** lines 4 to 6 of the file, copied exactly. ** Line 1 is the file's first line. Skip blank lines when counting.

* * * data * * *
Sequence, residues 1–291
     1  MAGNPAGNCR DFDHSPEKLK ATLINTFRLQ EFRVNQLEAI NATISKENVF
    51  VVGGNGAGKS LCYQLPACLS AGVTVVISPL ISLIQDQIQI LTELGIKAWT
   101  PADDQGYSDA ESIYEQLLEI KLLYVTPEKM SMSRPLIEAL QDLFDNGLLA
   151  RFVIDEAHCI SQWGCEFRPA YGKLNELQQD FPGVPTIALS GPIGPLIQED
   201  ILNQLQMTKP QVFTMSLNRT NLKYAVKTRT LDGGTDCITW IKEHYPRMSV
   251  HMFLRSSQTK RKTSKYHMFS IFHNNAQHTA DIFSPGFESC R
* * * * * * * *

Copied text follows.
   101  PADDQGYSDA ESIYEQLLEI KLLYVTPEKM SMSRPLIEAL QDLFDNGLLA
   151  RFVIDEAHCI SQWGCEFRPA YGKLNELQQD FPGVPTIALS GPIGPLIQED
   201  ILNQLQMTKP QVFTMSLNRT NLKYAVKTRT LDGGTDCITW IKEHYPRMSV